On June 5, 2020, President Trump signed into law the Paycheck Protection Program Flexibility Act (PPPFA). The PPPFA will provide additional flexibility to many borrowers attempting to maximize the benefits provided by the Paycheck Protection Program (“PPP”) established as part of the CARES Act.
The following are highlights of the PPPFA:
- The PPPFA reduces the amount of the loan needed to be spent on payroll from 75% to 60%. Note that the law does not change the list of expenses eligible for forgiveness; rent, mortgage payments, utilities, and interest on loans.
- The PPPFA extends the time period to spend the loans to 24 weeks. While businesses will still need to spend the money on payroll and authorized expenses, they now have until the end of 2020 to do so.
- For salaries to count towards forgiveness, previous guidelines stated that all workers had to be rehired by June 30, 2020. Under the new law, businesses now have until December 31, 2020, to rehire workers in order for their salaries to count towards forgiveness.
- In addition to extending the rehire date, the law also adds additional exceptions for a reduced head count. The PPPFA states a business can still receive forgiveness on payroll amounts if it:
- Is unable to rehire an individual who was an employee of the eligible recipient on or before February 15, 2020;
- Is able to demonstrate an inability to hire similarly qualified employees on or before December 31, 2020; or
- Is able to demonstrate an inability to return to the same level of business activity as such business was operating at prior to February 15, 2020.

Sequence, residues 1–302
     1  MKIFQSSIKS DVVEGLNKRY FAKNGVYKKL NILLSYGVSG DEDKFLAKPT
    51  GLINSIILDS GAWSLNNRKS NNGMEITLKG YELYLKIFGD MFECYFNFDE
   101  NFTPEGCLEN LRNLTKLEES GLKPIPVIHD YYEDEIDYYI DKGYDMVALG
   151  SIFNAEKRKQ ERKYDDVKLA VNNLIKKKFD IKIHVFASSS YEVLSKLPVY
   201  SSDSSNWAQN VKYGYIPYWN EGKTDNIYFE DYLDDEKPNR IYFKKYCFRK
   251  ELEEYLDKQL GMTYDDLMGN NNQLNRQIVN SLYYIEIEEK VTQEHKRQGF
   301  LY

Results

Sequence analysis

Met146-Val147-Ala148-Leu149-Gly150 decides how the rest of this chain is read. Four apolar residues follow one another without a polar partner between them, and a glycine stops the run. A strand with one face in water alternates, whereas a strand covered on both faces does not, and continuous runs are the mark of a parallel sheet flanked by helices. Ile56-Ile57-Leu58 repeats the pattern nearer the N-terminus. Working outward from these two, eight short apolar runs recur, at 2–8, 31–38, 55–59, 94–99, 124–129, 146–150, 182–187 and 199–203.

- A business now will have five years at 1% interest to repay the loan. Additionally, the first payment will be deferred for six months after the SBA makes a determination on forgiveness.
- The PPPFA permits borrowers to delay the payment of employer payroll taxes until December 31, 2021 (with respect to up to 50% of the amounts due) and December 31, 2022 (with respect to the remaining amounts due up to 50%). Borrowers were previously prohibited from this benefit if their loans were forgiven in whole or in part.
Employers should also continue to diligently document their use of the funds, so when loan forgiveness time comes, they can quickly and accurately substantiate their use of the loan and increasing the odds of full forgiveness.
If you have any questions regarding your PPP loan or need assistance completing your PPP loan forgiveness application and calculating your loan forgiveness amount, please contact John Priola.
Visit the Reynolds + Rowella COVID-19 Resource Center for further guidance with answers to frequently asked questions and regulations with interim final rules as they becomes available.
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